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Pipeline Safety

SourceGas really cares about your safety. Our employees are thoroughly trained to operate and maintain our pipeline systems safely. We want you to be aware of our pipelines and ask for your help in preventing accidental damage to them.

SECURITY ALERT - SourceGas supports our nation’s Homeland Security efforts and encourages you to immediately notify and report any suspicious persons and/or activities near the pipeline to your local law enforcement authorities by calling 911.

Pipeline Safety is an Issue that Connects Us All

The public expects safe, reliable and environmentally sound energy pipeline transportation systems. Socially and economically, we all rely on the oil, natural gas and other products delivered by pipelines. These products touch every one of us every day, providing energy to heat our buildings, cook our meals and fuel our vehicles. Industries and the military also depend on pipelines to deliver large volumes of fuel reliably, efficiently and safely.

Pipelines are safe and efficient, and are the only feasible method for delivering the vast quantities of energy products that we require each day. Close to 2 million miles of energy transportation pipelines crisscross the United States alone, from production fields and import terminals to homes and businesses. Pipeline safety truly is an issue that connects us all.

While pipelines have a good safety record relative to the tremendous volumes of products they carry, pipeline accidents can and sometimes do occur. For that reason, we urge everyone to become aware of pipelines in their communities, and to understand how to recognize and respond to pipeline emergencies and help prevent pipeline damage.

Recognizing and Responding to Pipeline Emergencies

Remember, pipelines carry both gases and hazardous liquids. Some pipeline gases are lighter than air and will rise, other gases are heavier and will stay near the ground. Many liquids form gaseous vapor clouds when released into the air. Be aware that all petroleum gases and liquids are flammable and, therefore, any pipeline leak can be potentially dangerous.

Signs of a pipeline release:

Sight - A fire, explosion or pool of liquid on the ground near a pipeline, a rainbow sheen on water, a dense white vapor cloud, fog or ice over a pipeline right-of-way, continuous bubbling in wet or flooded areas, or dead or discolored vegetation.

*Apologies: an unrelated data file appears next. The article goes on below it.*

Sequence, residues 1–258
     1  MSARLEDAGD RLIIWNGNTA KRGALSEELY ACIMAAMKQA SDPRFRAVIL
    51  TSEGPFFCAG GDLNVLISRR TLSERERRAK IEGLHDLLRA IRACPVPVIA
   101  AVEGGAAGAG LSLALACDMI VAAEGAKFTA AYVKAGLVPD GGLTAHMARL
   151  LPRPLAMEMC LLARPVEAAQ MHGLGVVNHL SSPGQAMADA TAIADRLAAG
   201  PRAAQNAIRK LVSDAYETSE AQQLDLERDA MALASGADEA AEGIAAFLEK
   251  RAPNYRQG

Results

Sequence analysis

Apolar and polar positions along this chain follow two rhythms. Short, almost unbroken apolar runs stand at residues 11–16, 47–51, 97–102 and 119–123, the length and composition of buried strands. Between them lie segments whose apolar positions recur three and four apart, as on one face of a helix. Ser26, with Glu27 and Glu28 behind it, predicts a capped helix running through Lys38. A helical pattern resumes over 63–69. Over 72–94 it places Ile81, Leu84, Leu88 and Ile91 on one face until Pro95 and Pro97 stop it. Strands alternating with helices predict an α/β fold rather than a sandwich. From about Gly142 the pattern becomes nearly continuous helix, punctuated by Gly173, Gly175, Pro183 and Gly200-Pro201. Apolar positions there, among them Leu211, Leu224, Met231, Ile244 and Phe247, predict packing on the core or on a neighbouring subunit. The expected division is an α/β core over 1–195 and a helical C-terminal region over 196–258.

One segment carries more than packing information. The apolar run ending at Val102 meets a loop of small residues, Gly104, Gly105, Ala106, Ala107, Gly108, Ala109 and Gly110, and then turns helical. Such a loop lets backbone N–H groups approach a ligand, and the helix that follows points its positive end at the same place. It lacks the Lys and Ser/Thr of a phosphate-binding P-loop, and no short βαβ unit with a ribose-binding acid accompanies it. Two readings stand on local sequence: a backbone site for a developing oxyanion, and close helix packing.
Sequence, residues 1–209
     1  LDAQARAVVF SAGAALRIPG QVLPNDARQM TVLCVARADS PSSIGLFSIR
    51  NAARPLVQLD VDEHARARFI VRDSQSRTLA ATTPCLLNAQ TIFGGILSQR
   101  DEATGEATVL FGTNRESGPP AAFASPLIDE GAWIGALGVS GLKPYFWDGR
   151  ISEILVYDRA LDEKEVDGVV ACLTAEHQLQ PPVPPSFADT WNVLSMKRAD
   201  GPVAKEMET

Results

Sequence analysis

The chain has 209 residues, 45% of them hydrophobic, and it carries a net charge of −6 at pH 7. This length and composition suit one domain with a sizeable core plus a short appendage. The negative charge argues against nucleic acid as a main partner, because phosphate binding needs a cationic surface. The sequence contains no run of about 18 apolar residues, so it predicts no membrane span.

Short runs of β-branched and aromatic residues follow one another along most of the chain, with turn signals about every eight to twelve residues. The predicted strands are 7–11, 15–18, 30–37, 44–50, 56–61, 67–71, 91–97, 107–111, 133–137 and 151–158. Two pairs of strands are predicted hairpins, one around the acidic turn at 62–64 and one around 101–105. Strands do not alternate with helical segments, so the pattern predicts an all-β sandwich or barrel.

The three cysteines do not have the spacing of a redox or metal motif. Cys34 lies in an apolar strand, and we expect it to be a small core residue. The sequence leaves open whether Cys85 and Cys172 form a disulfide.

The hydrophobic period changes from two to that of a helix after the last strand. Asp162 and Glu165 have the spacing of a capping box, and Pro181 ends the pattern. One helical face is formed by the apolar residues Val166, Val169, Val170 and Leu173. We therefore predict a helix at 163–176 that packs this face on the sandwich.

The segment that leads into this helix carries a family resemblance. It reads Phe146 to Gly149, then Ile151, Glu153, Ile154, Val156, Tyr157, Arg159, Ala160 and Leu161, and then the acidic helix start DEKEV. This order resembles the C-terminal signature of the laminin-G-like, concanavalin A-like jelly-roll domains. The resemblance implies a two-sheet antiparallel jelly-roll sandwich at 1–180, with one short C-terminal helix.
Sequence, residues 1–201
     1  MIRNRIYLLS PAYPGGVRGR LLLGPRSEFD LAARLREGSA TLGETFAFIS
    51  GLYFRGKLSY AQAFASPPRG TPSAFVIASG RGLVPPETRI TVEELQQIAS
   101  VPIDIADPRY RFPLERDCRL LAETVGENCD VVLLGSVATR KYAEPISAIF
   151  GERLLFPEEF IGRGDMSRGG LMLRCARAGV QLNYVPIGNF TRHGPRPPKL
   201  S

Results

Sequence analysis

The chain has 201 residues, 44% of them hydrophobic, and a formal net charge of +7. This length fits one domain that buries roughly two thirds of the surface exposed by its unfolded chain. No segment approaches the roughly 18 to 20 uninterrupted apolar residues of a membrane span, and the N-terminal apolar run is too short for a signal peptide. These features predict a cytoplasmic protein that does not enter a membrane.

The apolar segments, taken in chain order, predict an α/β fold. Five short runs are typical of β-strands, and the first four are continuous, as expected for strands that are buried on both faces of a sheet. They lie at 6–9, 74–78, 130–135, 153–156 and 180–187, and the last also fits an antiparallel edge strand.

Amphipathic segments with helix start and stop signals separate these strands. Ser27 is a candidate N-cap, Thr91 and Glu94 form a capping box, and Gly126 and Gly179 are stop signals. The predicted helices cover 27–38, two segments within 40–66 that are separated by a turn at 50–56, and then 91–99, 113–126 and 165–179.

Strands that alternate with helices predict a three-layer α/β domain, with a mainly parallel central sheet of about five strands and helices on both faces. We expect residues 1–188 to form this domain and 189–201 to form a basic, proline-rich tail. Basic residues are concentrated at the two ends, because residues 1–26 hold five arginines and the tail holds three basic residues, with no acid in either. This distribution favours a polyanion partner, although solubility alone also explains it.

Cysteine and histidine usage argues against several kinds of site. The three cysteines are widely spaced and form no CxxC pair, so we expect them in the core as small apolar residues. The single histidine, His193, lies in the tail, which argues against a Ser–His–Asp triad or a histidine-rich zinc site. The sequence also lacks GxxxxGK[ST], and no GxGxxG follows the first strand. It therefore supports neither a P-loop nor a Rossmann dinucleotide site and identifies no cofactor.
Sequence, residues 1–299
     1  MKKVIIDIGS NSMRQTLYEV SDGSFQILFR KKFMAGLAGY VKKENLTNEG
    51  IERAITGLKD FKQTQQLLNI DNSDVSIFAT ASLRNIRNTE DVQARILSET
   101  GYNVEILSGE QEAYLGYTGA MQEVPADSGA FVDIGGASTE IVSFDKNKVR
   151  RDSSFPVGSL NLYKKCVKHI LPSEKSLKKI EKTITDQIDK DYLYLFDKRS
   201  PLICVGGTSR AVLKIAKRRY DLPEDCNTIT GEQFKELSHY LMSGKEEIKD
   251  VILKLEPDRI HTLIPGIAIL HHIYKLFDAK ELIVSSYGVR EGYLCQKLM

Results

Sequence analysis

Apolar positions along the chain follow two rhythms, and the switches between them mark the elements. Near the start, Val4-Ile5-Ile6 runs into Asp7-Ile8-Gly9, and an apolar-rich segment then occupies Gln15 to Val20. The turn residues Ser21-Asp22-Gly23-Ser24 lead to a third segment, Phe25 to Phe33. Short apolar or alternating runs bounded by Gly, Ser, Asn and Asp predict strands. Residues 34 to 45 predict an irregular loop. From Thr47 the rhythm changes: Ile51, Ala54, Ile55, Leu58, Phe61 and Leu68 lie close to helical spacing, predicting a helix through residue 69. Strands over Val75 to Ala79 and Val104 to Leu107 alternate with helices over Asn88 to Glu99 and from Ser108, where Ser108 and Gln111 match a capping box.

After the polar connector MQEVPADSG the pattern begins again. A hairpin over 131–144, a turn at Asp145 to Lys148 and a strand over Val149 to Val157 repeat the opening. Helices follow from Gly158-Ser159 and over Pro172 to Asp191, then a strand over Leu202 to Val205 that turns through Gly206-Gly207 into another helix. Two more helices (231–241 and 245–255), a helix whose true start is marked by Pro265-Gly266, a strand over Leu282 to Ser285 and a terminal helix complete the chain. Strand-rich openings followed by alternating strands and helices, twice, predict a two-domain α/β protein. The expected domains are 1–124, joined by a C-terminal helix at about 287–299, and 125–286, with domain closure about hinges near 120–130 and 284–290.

Sound - An unusual noise coming from the pipeline, such as a hissing or roaring sound.

Smell - An unusual chemical or petroleum odor, such as gasoline, oil, sulfur, or the pungent "rotten egg" smell of odorized natural gas.

NOTE: All of these signs may not occur at the same time.

If you suspect a pipeline leak has occurred:

What to Do
  • If you detect the unusual odor near or inside a building, turn all gas appliances all the way OFF.
  • Turn off and abandon any motorized equipment you may be operating near the leak site.
  • Leave the area immediately by foot and remain upwind of the leak site.
  • Warn others - if it is safe to do so without entering the leak area.
  • Call 911 or your local emergency response number from a neighbor's house or other location well away from the pipeline leak.
  • Call the pipeline company's 24-hour emergency phone number as listed on a nearby pipeline marker or from another source, if available.
  • Keep ignition sources away from the area.

What NOT to Do
  • DO NOT enter or re-enter the area.
  • DO NOT attempt to operate any pipeline valves.
  • DO NOT touch, breathe, or make contact with leaking liquids.
  • DO NOT attempt to extinguish a fire on the pipeline right-of-way.
  • DO NOT light a match, start an engine, open a garage door, switch on/off light switches, or do anything that may create a spark.
  • DO NOT use a cell phone while near the suspected emergency area.

SourceGas' response to a pipeline release could include:
  • Shut down the pipeline system
  • Respond to the emergency location.
  • Close valves to isolate the problem.
  • Identify hazardous areas.
  • Safeguard the environment.
  • Protect the health and safety of all persons, emergency response agency personnel and our employees.
  • Excavate and repair the damaged line.
  • Contain and clean up the spill.